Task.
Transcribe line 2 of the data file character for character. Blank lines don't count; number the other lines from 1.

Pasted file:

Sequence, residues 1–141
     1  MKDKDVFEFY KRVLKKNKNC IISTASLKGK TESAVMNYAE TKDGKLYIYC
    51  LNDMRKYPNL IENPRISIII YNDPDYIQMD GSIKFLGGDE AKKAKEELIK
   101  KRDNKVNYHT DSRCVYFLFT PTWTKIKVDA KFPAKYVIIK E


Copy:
     1  MKDKDVFEFY KRVLKKNKNC IISTASLKGK TESAVMNYAE TKDGKLYIYC